Monday 14 October 2019

Rihanna fails to halt 'malicious falsehoods' case brought by Irish woman

Pic shows: Irish bodyguard Geoffrey Keating and Rihanna
Pic shows: Irish bodyguard Geoffrey Keating and Rihanna

Tim Healy

Singer Rihanna has failed to halt High Court proceedings brought against her by an Irish woman over alleged "malicious falsehoods" in an email and a phone call.

Dana Kavanagh (43), Woodbank Drive, Valley Park, Finglas, Dublin is suing Rihanna under the name "Robyn Fenty aka Rihanna", with an address at Lafayette Street, New York.

Last month, Rihanna asked the court to set aside service of Ms Kavanagh's proceedings on her at her New York home claiming it was not done in accordance with law.   Ms Kavanagh opposed the application.

Today, Ms Justice Miriam O'Regan said she was satisfied Rihanna had discharged the burden of proof in relation to her claim that service of the documents was not valid as a matter of New York or US federal law.

However, the judge found there were "just grounds" to declare the service of court documents on Rihanna was effected in accordance with the rules of the superior courts here.

The decision means the case can now proceed to hearing.

Pop star Rihanna. Photo: REUTERS/Carlo Allegri
Pop star Rihanna. Photo: REUTERS/Carlo Allegri

In her action, Ms Kavanagh claims she was caused mental distress and emotional suffering as a result of what she says was a false and malicious email sent on July 11, 2013, about her (Kavanagh's) husband Geoffrey Keating who was Rihanna's head of security in 2012 and 2013.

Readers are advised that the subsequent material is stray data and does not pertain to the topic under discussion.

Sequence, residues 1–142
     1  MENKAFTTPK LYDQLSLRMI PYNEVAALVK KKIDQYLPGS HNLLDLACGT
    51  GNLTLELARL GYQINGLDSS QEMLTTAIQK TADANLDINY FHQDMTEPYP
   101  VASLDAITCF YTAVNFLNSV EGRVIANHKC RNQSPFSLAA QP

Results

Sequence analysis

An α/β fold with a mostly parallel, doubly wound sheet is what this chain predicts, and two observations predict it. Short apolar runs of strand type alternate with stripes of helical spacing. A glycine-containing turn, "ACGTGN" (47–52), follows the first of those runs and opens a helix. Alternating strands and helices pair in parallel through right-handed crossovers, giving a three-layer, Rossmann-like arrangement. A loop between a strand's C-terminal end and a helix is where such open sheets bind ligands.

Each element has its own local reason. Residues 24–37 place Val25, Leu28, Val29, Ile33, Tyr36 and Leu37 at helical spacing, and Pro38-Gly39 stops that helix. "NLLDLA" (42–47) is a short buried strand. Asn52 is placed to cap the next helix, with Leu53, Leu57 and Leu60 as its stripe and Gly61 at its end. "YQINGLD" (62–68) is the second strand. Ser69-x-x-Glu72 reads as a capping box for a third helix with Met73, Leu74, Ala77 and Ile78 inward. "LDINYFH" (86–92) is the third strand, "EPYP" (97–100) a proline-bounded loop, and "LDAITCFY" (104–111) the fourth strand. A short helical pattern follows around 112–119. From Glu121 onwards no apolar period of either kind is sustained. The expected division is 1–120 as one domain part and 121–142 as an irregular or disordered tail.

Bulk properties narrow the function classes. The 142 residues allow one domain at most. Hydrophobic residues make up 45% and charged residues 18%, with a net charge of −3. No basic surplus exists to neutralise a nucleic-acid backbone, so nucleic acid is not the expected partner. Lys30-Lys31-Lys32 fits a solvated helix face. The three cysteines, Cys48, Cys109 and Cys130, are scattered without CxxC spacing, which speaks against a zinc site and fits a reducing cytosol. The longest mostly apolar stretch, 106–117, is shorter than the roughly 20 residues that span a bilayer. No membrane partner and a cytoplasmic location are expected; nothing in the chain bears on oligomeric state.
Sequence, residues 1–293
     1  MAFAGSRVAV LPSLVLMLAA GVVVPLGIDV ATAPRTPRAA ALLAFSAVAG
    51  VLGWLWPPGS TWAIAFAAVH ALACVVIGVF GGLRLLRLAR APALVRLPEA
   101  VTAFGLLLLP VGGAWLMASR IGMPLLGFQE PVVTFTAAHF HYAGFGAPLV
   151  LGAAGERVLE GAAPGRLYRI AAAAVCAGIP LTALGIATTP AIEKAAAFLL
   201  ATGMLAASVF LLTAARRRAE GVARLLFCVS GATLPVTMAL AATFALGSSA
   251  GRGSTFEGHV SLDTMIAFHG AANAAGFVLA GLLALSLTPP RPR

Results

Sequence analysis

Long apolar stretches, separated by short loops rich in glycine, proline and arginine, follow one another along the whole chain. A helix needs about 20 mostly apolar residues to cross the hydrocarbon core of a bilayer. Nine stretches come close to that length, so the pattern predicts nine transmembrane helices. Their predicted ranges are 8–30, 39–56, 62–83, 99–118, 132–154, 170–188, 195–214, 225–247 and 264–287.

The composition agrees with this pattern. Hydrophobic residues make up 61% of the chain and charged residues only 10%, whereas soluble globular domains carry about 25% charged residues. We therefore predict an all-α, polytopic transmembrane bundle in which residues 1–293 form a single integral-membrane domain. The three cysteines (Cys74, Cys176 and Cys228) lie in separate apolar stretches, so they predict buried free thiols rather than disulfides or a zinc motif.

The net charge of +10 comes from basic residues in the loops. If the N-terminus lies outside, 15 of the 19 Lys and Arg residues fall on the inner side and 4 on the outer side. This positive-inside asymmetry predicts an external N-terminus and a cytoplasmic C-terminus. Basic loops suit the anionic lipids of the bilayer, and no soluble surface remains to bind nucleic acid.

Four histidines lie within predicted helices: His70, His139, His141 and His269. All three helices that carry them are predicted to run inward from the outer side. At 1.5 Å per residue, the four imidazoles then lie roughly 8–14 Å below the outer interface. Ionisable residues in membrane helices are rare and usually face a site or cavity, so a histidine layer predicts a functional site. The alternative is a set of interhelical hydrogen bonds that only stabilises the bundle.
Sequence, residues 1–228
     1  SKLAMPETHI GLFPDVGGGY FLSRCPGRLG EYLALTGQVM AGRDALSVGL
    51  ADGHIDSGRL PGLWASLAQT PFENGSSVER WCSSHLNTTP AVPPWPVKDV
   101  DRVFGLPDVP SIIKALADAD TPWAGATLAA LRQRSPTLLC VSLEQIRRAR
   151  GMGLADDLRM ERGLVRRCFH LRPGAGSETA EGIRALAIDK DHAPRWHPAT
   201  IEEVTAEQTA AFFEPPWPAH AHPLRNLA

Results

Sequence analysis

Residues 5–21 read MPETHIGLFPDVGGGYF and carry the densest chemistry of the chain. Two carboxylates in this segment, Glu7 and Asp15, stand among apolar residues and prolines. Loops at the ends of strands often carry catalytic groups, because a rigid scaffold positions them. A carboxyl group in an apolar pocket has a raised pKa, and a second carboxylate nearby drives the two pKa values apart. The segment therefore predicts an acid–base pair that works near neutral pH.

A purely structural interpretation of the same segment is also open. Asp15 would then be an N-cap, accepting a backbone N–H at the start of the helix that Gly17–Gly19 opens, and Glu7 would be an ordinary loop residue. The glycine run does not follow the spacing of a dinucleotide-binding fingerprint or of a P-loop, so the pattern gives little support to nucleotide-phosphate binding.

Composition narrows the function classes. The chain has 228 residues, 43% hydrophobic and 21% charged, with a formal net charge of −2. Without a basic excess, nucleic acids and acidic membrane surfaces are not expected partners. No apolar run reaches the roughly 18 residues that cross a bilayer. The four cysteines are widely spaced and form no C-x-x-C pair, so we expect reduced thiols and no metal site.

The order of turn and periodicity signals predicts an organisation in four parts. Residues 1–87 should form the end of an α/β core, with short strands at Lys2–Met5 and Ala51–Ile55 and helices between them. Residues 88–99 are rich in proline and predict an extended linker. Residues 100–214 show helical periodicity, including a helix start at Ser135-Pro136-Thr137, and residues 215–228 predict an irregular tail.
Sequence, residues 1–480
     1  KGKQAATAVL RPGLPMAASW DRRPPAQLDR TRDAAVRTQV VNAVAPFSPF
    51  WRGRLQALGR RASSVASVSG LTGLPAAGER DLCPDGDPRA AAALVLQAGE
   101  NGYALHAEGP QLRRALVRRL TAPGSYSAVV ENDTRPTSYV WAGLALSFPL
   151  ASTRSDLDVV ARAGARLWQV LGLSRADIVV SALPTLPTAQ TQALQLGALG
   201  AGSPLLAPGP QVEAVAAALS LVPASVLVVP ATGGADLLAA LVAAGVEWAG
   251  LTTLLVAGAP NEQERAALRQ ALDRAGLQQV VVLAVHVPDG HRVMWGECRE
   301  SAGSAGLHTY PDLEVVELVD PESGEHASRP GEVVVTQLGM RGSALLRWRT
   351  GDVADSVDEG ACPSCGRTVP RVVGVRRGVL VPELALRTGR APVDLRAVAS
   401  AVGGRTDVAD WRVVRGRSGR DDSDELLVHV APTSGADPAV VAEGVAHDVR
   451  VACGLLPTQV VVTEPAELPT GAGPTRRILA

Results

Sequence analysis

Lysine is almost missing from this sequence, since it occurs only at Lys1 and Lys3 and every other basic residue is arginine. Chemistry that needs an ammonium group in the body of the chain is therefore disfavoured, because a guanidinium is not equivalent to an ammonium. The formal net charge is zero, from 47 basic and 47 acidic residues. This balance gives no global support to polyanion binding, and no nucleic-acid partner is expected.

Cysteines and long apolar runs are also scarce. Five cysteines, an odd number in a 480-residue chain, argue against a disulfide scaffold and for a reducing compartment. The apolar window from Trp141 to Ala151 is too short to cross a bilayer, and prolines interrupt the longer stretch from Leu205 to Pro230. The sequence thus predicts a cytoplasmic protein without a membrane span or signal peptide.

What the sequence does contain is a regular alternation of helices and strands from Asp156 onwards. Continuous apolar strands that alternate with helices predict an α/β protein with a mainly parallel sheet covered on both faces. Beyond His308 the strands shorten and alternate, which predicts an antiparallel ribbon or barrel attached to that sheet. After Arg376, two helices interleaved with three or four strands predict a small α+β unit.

She is also suing over a phone call the singer allegedly made to Ms Kavanagh's sister-in-law in relation to the same matter.

She claims that as a result of the allegations a business she built up with Mr Keating, called Geoff Keating Media, had been destroyed.

Rihanna denies the claims.

Rihanna's Irish lawyers challenged the legality of the way court papers were served on her because they claimed  it was not done in accordance with international, US federal or New York State law.

Ms Kavangh's side claimed the singer was seeking to obstruct the bringing of proceedings against her in Ireland.  Rihanna had not challenged the jurisdiction of Ireland as the place for the hearing of the case and had not sworn an affidavit explaining whether he had received the papers in the case or not, it was also claimed.

In her judgment, Ms Justice O'Regan said while Rihanna's side had discharged the burden of proof to say service of the documents was not in accordance with New York and federal law, the rules of our superior courts gave the High Court discretion to declare service sufficient.

This applies whether or not the defendant is an Irish citizen.

There was sworn evidence before her that Rihanna's manager, Sarah Francus, who as part of her role opens and reviews mail or deliveries at the singer's home address, received a set of papers which were delivered by hand to the apartment concierge in October 2016.

The judge said Ms Francus also did not deny receipt of the documents on the first occasion (November 2015).  The judge accepted that service on the defendant or on someone else living in her apartment was not as a matte of practicality available to the Kavanagh side.

Rihanna had also challenged the Kavanagh claim that it also posted the documents but did not challenge the evidence of attending the apartment to serve them on a number of occasions.

In all the circumstances, she was satisfied to declare the service actually effect was sufficient.

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